Based on perjured testimony, John Loftus was convicted in 1886 of a strong-arm robbery that had occurred fourteen months earlier in Great Barrington, Massachusetts. He was pardoned in 1888 by Governor Oliver Ames after a principal prosecution witness recanted and the victim, William Darby, provided an affidavit saying he was “entirely satisfied that other parties, and not Loftus, committed the crime.”
At about 8:00 p.m. on November l0, 1884, a highly inebriated William Darby left Charlie Bruise’s Saloon with Marcus Bracken and John Ansbury. Darby returned to the saloon three hours later, bleeding from the head, saying he had been robbed of about $17 but remembering nothing about what happened.
The next day, a bootblack employed at a nearby hotel claimed to have seen Bracken and nineteen-year-old John Loftus beat and rob Darby. Loftus was arrested and charged with highway robbery, but Bracken could not be found. When Ansbury, who had spent most of the previous day with Bracken, was questioned, he claimed that after he, Bracken, and Darby left the saloon, they met a man who seemed to be a friend of Darby’s and who agreed to care for him. Ansbury said he and Bracken then returned to the saloon and did not see Darby again until Darby returned to the saloon bleeding and bruised. Ansbury said he did not know, and could not identify, Darby’s purported friend.
In January 1886, Loftus, who had been in custody since his arrest, was tried before a jury in the Superior Court of Berkshire County. The main prosecution witnesses were the bootblack and Ansbury. Although Ansbury did not identify Loftus, his testimony corroborated that of the bootblack. Darby testified that he had been assaulted and robbed, but did not identify Loftus, who presented an alibi defense. A witness called on his behalf placed Loftus in the town of Sheffield, six miles south of Great Barrington, at the time of the crime. Nonetheless, the jury, believing the bootblack and discounting the alibi, found Loftus guilty. On January 27, he was sentenced to five years in prison.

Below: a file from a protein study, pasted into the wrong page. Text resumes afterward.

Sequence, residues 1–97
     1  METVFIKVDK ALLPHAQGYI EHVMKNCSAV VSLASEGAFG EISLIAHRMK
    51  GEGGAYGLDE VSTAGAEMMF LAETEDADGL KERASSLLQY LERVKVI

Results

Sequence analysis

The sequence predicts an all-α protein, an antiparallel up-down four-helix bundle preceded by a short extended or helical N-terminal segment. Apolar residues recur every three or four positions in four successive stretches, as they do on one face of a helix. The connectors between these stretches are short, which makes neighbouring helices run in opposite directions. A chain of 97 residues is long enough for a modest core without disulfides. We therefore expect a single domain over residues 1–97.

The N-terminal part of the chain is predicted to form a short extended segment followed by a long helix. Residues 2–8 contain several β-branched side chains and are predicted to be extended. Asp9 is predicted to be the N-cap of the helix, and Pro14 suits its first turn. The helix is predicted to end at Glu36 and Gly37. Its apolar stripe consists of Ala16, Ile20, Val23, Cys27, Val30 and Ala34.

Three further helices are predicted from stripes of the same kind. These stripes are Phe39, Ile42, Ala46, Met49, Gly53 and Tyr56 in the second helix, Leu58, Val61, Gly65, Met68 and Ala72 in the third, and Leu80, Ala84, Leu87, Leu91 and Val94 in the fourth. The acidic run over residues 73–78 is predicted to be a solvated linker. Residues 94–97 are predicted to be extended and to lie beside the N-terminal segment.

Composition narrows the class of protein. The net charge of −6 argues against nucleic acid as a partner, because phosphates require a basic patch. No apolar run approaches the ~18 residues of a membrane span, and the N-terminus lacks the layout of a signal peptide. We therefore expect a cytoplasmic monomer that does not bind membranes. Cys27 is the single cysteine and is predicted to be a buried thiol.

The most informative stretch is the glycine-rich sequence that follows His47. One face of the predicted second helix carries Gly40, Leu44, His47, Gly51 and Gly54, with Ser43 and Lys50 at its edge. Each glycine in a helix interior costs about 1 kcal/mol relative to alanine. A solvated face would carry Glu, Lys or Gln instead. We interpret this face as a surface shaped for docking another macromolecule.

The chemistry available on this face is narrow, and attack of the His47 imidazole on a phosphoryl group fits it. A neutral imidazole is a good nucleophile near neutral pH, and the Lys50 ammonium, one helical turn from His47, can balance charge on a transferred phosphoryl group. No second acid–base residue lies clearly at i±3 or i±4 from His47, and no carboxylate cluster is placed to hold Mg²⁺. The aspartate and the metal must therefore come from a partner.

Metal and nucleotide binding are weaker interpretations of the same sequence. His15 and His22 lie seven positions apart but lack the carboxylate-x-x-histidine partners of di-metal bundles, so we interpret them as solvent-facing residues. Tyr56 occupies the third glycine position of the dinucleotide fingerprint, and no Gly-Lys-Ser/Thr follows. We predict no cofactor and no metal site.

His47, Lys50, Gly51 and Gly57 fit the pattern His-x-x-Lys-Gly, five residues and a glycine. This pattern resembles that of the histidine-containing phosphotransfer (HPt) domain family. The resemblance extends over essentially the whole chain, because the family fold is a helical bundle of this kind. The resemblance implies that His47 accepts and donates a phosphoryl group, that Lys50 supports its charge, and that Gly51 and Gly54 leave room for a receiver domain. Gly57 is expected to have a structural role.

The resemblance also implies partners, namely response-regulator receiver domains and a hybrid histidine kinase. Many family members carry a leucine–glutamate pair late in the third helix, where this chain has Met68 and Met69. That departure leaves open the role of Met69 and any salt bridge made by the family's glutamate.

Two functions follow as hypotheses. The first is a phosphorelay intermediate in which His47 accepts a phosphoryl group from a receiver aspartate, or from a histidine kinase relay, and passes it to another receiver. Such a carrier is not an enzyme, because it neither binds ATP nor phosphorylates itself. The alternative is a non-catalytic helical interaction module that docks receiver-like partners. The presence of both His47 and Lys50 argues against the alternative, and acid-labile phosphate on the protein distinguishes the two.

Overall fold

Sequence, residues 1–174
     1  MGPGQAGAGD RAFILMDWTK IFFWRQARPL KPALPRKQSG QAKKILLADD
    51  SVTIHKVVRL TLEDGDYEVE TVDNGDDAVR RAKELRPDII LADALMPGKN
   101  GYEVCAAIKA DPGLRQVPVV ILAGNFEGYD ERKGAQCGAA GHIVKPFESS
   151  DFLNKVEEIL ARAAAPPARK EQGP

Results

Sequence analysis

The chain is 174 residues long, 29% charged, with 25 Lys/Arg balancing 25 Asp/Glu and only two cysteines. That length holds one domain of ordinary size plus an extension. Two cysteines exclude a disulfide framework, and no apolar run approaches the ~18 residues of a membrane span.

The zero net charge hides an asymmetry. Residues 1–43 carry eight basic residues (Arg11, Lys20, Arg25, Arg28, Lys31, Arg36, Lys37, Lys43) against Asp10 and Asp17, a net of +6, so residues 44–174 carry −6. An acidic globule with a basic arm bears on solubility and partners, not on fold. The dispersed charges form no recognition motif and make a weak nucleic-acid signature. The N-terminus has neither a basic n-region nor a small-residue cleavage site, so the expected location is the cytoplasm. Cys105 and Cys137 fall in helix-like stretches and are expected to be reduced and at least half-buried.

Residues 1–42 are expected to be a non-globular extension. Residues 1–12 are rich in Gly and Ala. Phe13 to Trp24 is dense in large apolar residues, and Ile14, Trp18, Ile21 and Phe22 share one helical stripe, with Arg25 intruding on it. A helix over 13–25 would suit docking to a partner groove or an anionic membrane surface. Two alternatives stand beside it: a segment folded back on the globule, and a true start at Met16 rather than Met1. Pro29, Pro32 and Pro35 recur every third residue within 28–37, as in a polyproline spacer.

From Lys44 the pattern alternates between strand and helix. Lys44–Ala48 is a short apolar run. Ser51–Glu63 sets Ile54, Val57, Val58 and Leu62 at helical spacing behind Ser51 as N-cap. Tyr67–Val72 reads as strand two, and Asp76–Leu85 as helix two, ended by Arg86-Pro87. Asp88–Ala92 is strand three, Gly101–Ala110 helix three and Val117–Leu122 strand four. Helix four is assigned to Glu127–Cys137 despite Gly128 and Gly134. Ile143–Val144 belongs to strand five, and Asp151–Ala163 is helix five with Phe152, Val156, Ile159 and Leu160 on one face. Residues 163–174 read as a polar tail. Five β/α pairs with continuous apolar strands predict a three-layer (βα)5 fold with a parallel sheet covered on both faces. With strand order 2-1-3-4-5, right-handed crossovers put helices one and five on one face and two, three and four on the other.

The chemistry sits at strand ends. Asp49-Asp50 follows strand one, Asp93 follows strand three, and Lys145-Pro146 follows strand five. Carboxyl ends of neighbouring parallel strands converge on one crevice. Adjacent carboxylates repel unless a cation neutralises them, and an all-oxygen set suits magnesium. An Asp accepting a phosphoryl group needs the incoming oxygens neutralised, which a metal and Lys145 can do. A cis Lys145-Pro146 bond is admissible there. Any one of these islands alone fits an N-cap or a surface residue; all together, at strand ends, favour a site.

Eleven months later, Frank M. Wright, justice of the peace in Great Barrington, informed Loftus’ lawyer, J. F. Cronan, that a conscience-stricken Ansbury had come to his home the previous week saying he had falsely implicated Loftus in the crime. When Wright warned Ansbury that he could be prosecuted for perjury, Ansbury left. Three days later, he returned, telling Wright that, even if it meant going to jail, he wanted to tell the truth. He proceeded to confess that he and Bracken had committed the crime, and that Loftus was not involved.
On January 4, 1888, in response to a petition for clemency supported by Darby’s affidavit, Loftus was granted a full pardon by Massachusetts Governor Oliver Ames. The next day, Loftus was released from prison after 1,150 days behind bars for a crime he did not commit. Ansbury served thirty days in jail for perjury. Bracken, who had fled the jurisdiction, was never charged.
– Researched by Rob Warden
The National Registry of Exonerations is a project of the Newkirk Center for Science & Society at University of California Irvine, the University of Michigan Law School and Michigan State University College of Law. It was founded in 2012 in conjunction with the Center on Wrongful Convictions at Northwestern University School of Law. The Registry provides detailed information about every known exoneration in the United States since 1989—cases in which a person was wrongly convicted of a crime and later cleared of all the charges based on new evidence of innocence. The Registry also maintains a more limited database of known exonerations prior to 1989.
We welcome new information from any source about exonerations already on our list and about cases not in the Registry that might be exonerations.